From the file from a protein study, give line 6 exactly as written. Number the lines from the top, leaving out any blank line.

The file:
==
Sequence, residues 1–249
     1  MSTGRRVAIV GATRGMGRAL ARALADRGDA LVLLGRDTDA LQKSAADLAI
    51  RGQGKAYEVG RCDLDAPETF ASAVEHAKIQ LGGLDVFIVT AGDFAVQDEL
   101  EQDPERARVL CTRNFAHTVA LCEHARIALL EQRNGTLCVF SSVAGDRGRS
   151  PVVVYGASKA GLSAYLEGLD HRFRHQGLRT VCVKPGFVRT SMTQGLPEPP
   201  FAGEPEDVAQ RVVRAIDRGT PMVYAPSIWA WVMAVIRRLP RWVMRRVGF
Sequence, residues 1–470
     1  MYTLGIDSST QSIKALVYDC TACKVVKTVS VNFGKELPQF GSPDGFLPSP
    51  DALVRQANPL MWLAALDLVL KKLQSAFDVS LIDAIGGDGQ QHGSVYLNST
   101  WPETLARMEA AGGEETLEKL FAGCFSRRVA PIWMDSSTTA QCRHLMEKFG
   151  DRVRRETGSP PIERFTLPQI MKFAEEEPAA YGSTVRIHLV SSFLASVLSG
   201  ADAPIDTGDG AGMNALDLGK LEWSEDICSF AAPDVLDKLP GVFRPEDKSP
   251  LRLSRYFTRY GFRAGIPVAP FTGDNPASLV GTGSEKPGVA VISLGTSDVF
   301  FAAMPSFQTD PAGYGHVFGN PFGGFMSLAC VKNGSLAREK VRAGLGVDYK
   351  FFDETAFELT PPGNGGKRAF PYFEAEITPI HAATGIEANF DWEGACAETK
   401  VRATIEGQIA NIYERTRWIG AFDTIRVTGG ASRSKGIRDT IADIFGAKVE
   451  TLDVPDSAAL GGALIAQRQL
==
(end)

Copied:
   201  FAGEPEDVAQ RVVRAIDRGT PMVYAPSIWA WVMAVIRRLP RWVMRRVGF